It feels good to walk around with the AK70 in my pocket. It’s kind of like meeting an old friend for drinks. Someone you haven’t talked to or even really thought about for a while, but whose absence left a hole roughly the size of a deck of cards in your heart — or pants pocket.
I was dragging my heels when it came to giving up my music player. It wasn’t until the poor iPod Classic finally gave up the ghost that I went full-time streaming. It may have been pure stubbornness in hindsight, but while the list of reasons for not making the jump was steadily dwindling, it certainly existed.
What about that weird old out-of-print Cambodian psychedelia or electric Ghanaian highlife music that doesn’t show up on Spotify? And what about my underground commutes or all of the plane rides, where streaming audio isn’t an option? But while mainstream interest in audio players has slowed to a crawl, one very specific group has been propping up the space in an interesting way.
Astell & Kern has been a guiding light in the space, producing the most high-profile players not directly linked to a member of Buffalo Springfield. In fact, the company seemingly can’t help itself, putting out what feels like a new player every month or so. The AK70 is the most accessible of the bunch, with a smaller form factor and a (relatively) low $600 price point (keep in mind other players from the company will cost you upwards of $1,000).
The device certainly has a premium look and feel to it, adapting the basic aesthetics of precursors like the AK320 to a more compact form factor. The design choices likely aren’t for everyone, owing more to high-end stereo equipment than the current generation of mobile devices, complete with some sharp corners that could prove problematic in a tight pair of pants. Also, while the player is small by high-end music player standards, it’s not exactly svelte.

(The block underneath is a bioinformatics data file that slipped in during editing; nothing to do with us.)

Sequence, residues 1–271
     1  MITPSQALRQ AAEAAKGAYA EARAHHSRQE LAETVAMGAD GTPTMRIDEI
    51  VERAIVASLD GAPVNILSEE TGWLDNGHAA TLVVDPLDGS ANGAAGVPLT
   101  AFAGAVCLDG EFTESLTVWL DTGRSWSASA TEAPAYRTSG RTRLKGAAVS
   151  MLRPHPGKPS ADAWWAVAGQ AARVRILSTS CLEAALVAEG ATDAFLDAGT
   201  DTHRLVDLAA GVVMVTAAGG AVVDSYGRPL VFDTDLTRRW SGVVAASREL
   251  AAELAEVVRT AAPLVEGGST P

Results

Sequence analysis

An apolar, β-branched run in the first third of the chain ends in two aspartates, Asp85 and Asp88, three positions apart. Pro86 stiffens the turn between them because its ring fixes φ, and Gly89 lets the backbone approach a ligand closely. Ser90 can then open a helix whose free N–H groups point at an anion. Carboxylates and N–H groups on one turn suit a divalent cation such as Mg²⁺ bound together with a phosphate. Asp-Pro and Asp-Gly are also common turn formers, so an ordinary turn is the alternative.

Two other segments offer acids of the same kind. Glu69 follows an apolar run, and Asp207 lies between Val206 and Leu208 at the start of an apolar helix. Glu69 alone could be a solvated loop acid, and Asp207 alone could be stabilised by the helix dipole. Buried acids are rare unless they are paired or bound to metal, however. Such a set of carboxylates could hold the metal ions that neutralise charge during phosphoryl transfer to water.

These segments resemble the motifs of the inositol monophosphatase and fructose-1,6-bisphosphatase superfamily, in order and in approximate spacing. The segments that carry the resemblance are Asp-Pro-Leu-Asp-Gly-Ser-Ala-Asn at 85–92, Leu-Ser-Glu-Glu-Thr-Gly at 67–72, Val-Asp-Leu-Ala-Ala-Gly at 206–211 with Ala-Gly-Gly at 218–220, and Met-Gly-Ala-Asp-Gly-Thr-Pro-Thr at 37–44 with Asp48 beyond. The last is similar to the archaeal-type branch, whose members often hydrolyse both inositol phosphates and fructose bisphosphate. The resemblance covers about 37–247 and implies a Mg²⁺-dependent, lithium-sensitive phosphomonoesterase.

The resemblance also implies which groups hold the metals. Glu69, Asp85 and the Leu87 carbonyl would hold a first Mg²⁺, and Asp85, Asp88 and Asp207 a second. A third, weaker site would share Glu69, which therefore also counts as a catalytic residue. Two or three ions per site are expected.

This being 2016, the device does support a touchscreen. And being a high-end audio device, it’s also heavily reliant on a slew of big buttons, the most prominent of which is a sizable volume knob that juts out of the right side of the display. It is, interestingly, audio only, rather than doubling as a scrolling analog, as in the iPod’s clickwheel. There’s also a sizable bezel beneath the screen that houses a barely visible home button.
On the right is a microSD slot that expands the 64GB of built-in storage by up to 200GB — which may sound like a lot, but keep in mind we’re talking lossless audio files here. On the bottom is a micro USB slot for charging the battery, which, as with many of these higher-end players isn’t great, particularly when you’ve got Bluetooth and Wi-Fi switched on — I’d recommend making sure all of the wireless is switched off when not in use if you’re going to be away from a wall for a while.
The interface is pretty basic here, but it does the trick. Transferring is simple, as well. You can just drag and drop straight onto the player when connected to a computer (you’ll need Android File Transfer when plugged into a Mac) — just make sure you enter all of the relevant meta data.
The sound is, predictably, excellent. The player supports the key hi-res file types, including WAV, FLAC and AIFF. It’s rich, full, well-balanced and the sort of playback that will make you realize what you’ve been missing with those highly compressed music files. Of course, it’s probably best to stay away from Bluetooth altogether to really get the most bang for your buck.
I suspect that if you’re in the market for a $600 hi-res audio player, you’ve already got the headphones to match. But if not, well, add that to the list. And on the less portable front, the company has also added a balanced output next to the headphone jack for your home stereo listening pleasure.